Tree Farm: Right idea, wrong spot
Almost anywhere else, developer Ace Lane’s Tree Farm project would be greeted as a welcome addition to the community. More than half of Lane’s proposed residences are deed-restricted affordable units; he’s offsetting the El Jebel development’s electrical consumption with solar and hydropower, and the buildings themselves will be energy-efficient. The whole project has a pedestrian/mass-transit orientation, so Lane hopes to minimize the traffic impacts.
Unfortunately, this admirable project is proposed in a neighborhood that doesn’t need the new housing or commercial space ” at least not this much of it ” and that arguably cannot absorb any more people and automobiles without creating an urban-style snarl of congestion and exhaust.
El Jebel does not need another 319 residences and 96,000 square feet of commercial space directly across Highway 82 from the still-developing Willits Town Center. Between Willits, the Tree Farm proposal and the Shadowrock townhouse project just off El Jebel Road, the once-sleepy area between Basalt and Carbondale is gradually turning into the hub of a midvalley mini-tropolis that will stretch from Emma to Catherine.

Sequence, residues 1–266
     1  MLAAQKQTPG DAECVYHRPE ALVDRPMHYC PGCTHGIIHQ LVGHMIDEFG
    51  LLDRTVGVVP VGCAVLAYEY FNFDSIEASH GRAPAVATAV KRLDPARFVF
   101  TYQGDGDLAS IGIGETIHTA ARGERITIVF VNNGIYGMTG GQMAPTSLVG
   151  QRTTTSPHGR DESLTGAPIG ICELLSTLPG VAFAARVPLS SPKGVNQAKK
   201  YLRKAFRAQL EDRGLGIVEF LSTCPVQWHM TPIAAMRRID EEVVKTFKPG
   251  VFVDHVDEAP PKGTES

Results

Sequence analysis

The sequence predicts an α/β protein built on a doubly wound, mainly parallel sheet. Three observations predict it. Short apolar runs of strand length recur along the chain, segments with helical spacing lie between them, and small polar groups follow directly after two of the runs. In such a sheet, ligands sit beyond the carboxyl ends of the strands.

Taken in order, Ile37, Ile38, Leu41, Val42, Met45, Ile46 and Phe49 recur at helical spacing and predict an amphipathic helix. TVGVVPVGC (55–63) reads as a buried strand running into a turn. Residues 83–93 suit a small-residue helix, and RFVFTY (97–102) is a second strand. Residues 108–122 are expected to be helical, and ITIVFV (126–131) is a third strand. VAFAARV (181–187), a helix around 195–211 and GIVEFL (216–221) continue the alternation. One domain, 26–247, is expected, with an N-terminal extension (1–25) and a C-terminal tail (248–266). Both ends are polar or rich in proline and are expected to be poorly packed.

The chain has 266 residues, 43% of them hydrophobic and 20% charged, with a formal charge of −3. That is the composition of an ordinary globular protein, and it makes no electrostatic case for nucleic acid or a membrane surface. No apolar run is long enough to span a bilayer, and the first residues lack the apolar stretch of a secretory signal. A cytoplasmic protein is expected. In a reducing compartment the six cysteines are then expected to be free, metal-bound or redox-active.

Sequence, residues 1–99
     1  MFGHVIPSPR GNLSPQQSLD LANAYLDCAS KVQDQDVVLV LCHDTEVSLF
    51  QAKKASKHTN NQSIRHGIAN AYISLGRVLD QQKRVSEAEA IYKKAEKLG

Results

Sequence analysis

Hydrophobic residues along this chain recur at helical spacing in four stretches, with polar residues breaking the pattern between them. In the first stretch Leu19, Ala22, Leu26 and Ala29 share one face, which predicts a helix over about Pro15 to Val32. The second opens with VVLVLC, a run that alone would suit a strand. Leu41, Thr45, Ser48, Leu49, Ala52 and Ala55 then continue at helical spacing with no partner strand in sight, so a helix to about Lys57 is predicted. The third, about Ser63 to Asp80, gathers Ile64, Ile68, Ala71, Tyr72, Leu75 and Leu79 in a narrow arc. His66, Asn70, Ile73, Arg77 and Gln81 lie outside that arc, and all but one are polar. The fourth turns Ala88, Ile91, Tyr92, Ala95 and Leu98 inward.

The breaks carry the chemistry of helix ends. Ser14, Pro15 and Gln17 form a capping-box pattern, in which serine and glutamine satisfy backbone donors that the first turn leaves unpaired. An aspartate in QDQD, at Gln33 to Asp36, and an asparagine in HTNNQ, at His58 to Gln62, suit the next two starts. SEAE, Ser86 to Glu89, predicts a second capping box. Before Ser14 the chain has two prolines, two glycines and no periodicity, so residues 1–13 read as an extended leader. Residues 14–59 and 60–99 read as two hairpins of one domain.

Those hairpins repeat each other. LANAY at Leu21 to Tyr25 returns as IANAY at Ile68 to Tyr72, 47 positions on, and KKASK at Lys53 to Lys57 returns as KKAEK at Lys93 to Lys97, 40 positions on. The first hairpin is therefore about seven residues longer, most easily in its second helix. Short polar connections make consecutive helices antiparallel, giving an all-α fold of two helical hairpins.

Two new stoplights have already been added to Highway 82 in the El Jebel-Willits corridor in the last few years, and yet new developments continue to force more cars onto the highway and more turnoffs to complicate traffic flow.
The irony of the situation is that, despite what this over-development is doing to the character and livability of the midvalley, Lane’s project largely complies with the regulations and master plans of both Eagle County and Basalt. So, it’s hard to see how local governments expect to get a handle on the increasing sprawl and traffic around El Jebel.
All we can hope at this point is that the Eagle County commissioners ” who are scheduled to take their first formal look at the project on June 30 ” give the Tree Farm proposal a serious and critical review, in light of everything happening nearby. The Tree Farm itself isn’t the problem; but when combined with the approved-but-unbuilt development all around it, it’s simply too much.
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